iPhone The Most Popular Internet Device At Wireless Cafes
According to a new report from JiWire, more people use iPhones to connect to public Wi-Fi hotspots than any other device. Those users stay connected for over an hour, and mostly visit social networking sites.
According to a new report from JiWire, more people use iPhones to connect to public Wi-Fi hotspots than any other device. Those users stay connected for over an hour, and mostly visit social networking sites.JiWire put together an extensive report on how Wi-Fi was used across the U.S. for the first six months of 2009. Some of the results are surprising.
First, where is everyone using Wi-Fi? Well, 55.3% are accessing Wi-Fi at hotels/resorts, 27% at airports, 10.5% at cafes, 4.4% on cruise ships or ferries and 2.7% on public transportation.
About 56% of respondents admitted to hitting up cafes more than once per week, and a sizable 46% said that they stayed for one to two hours. According to JiWire, 38% of people are trusting enough to make purchases on the Internet via public Wi-Fi hotspots.
The really interesting stuff is what users are, well, er, using to access the Internet at cafes. A majority 54.2% of all mobile devices to access Wi-Fi in places such as cafes are iPhones. The iPod Touch follows, with 43.4%. In other words, Apple devices make up for a whopping 97.6% of all mobile devices accessing Wi-Fi at cafes. That's incredible. (This doesn't include laptops.)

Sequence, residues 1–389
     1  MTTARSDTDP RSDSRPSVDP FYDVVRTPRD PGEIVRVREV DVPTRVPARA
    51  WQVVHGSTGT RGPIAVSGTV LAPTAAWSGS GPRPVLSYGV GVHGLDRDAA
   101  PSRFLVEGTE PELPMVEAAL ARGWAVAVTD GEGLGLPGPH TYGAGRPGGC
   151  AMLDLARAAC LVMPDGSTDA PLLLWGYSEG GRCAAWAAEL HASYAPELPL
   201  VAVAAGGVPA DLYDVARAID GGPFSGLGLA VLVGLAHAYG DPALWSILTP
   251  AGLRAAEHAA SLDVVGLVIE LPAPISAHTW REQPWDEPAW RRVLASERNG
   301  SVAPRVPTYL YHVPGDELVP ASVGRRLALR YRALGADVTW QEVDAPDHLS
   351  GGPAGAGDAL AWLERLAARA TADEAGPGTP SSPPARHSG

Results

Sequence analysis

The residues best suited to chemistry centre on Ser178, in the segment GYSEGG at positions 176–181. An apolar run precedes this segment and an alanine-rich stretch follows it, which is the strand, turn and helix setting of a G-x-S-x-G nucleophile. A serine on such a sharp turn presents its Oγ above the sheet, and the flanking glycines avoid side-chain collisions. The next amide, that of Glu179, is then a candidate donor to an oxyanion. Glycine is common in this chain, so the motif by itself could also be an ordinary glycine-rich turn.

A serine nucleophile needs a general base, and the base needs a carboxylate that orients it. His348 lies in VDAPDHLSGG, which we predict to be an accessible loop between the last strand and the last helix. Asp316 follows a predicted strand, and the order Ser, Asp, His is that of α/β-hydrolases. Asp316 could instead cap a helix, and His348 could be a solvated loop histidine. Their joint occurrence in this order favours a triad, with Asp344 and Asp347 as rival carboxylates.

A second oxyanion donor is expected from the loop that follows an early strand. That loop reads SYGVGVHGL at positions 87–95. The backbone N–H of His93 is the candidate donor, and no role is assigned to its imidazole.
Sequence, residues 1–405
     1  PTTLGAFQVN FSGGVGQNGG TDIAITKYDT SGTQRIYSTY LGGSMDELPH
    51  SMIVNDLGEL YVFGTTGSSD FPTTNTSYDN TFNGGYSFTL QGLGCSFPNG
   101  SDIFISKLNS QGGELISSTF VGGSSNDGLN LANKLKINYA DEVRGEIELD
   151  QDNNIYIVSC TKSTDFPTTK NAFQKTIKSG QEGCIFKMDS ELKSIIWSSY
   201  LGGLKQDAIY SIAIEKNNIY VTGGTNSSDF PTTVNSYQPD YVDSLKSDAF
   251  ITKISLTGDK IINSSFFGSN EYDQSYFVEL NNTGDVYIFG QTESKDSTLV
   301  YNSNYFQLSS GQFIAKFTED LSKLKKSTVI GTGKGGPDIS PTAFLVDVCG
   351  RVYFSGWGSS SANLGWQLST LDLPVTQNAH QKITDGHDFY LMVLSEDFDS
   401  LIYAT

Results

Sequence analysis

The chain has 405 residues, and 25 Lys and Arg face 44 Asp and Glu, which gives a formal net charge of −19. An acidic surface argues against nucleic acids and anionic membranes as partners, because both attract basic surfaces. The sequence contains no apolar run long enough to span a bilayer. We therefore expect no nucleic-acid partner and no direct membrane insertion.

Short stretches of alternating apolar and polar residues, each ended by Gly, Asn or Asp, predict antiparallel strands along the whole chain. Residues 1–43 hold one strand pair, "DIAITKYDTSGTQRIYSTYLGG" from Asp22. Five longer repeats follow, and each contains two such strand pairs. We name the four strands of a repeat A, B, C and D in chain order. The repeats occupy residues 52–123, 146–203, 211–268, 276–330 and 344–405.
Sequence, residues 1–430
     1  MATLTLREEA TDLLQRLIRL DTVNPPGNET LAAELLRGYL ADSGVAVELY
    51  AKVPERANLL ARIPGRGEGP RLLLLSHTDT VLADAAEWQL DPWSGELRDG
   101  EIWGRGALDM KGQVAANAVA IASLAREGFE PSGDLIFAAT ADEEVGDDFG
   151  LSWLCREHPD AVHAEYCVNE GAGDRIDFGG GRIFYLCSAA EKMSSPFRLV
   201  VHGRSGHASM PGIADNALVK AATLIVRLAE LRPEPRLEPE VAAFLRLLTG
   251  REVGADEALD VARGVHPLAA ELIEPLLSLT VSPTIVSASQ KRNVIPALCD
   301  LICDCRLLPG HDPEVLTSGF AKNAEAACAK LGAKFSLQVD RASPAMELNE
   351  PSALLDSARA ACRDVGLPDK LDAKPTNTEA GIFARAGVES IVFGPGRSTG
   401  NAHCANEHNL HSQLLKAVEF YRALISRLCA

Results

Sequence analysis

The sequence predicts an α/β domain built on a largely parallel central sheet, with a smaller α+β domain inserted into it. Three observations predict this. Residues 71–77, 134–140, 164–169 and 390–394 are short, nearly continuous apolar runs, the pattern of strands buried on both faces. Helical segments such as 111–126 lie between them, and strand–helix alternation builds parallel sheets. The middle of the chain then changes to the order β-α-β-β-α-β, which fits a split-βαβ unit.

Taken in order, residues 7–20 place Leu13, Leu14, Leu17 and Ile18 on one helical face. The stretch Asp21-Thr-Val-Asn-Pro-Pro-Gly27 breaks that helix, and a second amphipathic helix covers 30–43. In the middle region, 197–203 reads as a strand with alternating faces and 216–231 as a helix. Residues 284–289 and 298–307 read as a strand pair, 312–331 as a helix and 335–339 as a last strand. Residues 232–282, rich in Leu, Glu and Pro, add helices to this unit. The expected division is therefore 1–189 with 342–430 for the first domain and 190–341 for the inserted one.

This really makes me wonder, do other smartphone users know that their devices have Wi-Fi? Are they just not interested in using the Wi-Fi? Does the sheer volume of AT&T-supported Starbucks Wi-Fi hotspots play a role, where iPhone users have free access?
As more smartphones and devices have Wi-Fi on board, it will be interesting to see if/how these statistics change.
InformationWeek Elite 100Our data shows these innovators using digital technology in two key areas: providing better products and cutting costs. Almost half of them expect to introduce a new IT-led product this year, and 46% are using technology to make business processes more efficient.
The UC Infrastructure TrapWorries about subpar networks tanking unified communications programs could be valid: Thirty-one percent of respondents have rolled capabilities out to less than 10% of users vs. 21% delivering UC to 76% or more. Is low uptake a result of strained infrastructures delivering poor performance?
InformationWeek Tech Digest, Nov. 10, 2014Just 30% of respondents to our new survey say their companies are very or extremely effective at identifying critical data and analyzing it to make decisions, down from 42% in 2013. What gives?